“They can often feel overwhelmed due to being away home, culture shock of being at a large university or the high level of academic rigor,” Romero said. “Jacob created a fun and inclusive class environment full of music, cat memes and inspirational talks that helped him establish trust with his students. Jacob focused on both the student's mental well-being in addition to their academic success.”

After graduation, Cooper plans to pursue a PhD in mathematics at ASU. We asked him to share more about his journey as a Sun Devil.

Question: What’s something you learned while at ASU — in the classroom or otherwise — that surprised you, that changed your perspective?

Answer: I was always really intimidated by professors, and while it’s silly, it surprised me just how human they were. They all have fun stories and are so interesting to get to know, and have such wonderful insight and experiences.

Q: What’s the best piece of advice you’d give to those still in school?

A: Be nice to yourself and find ways to take little steps forward. Failure is inevitable, and it’s impossible to be perfect.

Q: What is most misunderstood about mathematics by the general public?

A: A lot of people think math is about finding the correct answer, and I think that is because of how it’s taught. But I think that it’s the opposite: Math is about exploring all the ways to do the same thing, and how those changes in perspective change your way of thinking.

Q: What was your favorite spot on campus?

A: The rooftop of PSH (Bateman Physical Sciences Center, H-wing) while observing the stars.

Q: Which clubs, activities, or community service projects are you involved in?

A: I am currently the treasurer of the Astronomy Club at ASU, and I’ve done a considerable amount of hours volunteering for outreach events for them. I also served as secretary/treasurer for the Math Bio Club, was an active member of the ASU Student Chapter of the Association for Women in Mathematics, and helped found the Scholars of Physical Mathematics, which aims to bring together students of both disciplines. My proudest activity was being a class supervisor and lead tutor for the Joaquin Bustoz Math-Science Honors Program.

Q: What do you like to do in your spare time?

A: Music is really important to me, and sometimes when I was bored (or procrastinating) on campus, I would find my way into the practice rooms in the music hall to play piano. I also enjoy playing with my two cats. I also try to find time to play games with my friends.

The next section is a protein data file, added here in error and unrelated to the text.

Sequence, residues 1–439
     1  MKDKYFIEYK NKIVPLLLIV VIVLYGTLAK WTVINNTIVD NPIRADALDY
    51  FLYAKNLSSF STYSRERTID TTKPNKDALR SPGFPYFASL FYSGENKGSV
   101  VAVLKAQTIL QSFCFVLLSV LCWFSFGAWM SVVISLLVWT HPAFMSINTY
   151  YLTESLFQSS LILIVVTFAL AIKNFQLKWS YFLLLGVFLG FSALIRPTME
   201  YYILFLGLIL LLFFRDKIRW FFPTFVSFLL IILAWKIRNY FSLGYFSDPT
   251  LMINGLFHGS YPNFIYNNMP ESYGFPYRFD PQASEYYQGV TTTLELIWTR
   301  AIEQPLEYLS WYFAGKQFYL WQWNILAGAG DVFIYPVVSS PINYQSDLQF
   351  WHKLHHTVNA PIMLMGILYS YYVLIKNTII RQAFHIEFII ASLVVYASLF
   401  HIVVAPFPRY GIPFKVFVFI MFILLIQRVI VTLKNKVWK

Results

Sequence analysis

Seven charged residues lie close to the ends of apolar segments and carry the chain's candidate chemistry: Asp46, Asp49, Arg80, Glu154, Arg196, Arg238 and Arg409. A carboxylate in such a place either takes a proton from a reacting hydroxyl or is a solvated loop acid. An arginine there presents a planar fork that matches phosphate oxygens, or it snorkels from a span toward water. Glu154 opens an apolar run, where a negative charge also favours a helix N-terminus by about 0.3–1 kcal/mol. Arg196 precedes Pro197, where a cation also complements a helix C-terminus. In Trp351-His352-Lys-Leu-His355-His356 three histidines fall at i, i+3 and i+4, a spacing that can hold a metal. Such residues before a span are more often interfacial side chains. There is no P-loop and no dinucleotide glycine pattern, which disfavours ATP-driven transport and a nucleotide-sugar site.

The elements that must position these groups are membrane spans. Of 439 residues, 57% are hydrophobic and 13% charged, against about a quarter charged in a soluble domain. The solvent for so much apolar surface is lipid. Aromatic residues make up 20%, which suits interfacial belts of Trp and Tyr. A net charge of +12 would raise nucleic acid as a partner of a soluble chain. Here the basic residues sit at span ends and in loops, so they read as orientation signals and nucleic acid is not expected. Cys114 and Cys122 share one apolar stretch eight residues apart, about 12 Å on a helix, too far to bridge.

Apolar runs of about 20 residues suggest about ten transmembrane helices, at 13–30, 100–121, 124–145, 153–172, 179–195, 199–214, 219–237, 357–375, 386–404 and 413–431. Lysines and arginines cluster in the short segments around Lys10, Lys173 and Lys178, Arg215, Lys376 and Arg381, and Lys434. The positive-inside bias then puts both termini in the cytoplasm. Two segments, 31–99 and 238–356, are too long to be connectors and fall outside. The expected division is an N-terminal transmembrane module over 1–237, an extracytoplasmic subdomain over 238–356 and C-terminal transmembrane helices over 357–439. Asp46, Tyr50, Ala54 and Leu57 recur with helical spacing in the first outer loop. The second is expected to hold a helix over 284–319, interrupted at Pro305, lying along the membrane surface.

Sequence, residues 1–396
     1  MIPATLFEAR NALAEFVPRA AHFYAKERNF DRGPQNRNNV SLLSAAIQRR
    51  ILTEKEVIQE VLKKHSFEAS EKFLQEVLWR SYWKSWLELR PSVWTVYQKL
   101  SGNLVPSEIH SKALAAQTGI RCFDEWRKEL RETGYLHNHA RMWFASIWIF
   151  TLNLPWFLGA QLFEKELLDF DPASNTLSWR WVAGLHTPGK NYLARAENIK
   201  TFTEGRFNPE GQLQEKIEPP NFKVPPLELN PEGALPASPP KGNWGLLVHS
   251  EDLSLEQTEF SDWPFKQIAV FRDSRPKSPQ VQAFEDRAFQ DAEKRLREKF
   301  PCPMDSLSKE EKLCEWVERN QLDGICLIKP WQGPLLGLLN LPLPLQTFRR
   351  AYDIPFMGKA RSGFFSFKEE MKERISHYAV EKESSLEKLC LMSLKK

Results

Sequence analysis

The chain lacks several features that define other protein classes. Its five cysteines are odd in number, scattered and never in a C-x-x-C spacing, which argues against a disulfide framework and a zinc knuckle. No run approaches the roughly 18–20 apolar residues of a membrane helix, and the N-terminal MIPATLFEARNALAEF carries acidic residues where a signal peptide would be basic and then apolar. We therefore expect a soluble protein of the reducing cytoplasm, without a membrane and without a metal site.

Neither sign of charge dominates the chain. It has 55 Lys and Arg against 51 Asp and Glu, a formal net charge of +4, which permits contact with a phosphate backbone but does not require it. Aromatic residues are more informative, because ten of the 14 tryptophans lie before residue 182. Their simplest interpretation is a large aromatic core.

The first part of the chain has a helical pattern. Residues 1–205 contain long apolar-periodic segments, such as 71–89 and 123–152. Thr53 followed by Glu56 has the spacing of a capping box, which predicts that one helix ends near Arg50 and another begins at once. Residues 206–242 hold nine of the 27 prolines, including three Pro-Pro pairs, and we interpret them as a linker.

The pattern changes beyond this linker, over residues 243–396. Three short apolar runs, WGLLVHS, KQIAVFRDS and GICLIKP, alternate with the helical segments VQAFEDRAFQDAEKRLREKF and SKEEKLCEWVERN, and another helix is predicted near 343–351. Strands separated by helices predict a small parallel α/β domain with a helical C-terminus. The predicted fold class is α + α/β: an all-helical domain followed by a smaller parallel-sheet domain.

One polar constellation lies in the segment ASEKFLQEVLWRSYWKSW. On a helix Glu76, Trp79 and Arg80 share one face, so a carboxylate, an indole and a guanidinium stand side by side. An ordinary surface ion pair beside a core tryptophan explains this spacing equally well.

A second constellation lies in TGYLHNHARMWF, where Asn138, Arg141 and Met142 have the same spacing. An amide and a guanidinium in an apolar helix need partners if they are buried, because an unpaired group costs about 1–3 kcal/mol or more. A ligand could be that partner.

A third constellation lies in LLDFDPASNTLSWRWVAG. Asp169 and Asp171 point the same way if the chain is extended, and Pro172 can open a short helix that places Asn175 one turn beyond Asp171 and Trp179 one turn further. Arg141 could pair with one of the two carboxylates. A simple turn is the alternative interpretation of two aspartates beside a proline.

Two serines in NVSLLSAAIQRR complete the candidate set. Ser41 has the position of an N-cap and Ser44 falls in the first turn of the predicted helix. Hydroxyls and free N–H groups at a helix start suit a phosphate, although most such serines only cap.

Q: If someone gave you $40 million to solve one problem on our planet, what would you tackle?

A: Education is a human right, and I would want to use that money to try and make education more accessible. I think that there are a lot of people who would excel in academia and have an amazing time in college, but can’t because the costs and barriers are too high.

Q: What were your favorite memories of your time in the School of Mathematical and Statistical Sciences?

A: Working as an IA for Associate Teaching Professor Beth Schlenker and trying to spread enthusiasm for math to the business students. Taking MAT 371 with President’s Professor Matthias Kawski, and making my first friends in the math department. Going to Coffee Break and socializing when my schedule wasn’t in the way. Attending lectures for my first graduate-level class with Associate Professor Julien Paupert. Attending the 2022 and 2023 AWSiM conferences. Volunteering for the school during Open Door and the Homecoming Block Party. …

I really couldn’t have asked for a better experience (at ASU). … This department is full of so many incredible people and mathematicians, and I see just how much effort and passion we all have for math. As much as I love math, I don’t think that it’s worth anything without the human aspect, and without the connection it brings to those who enjoy it.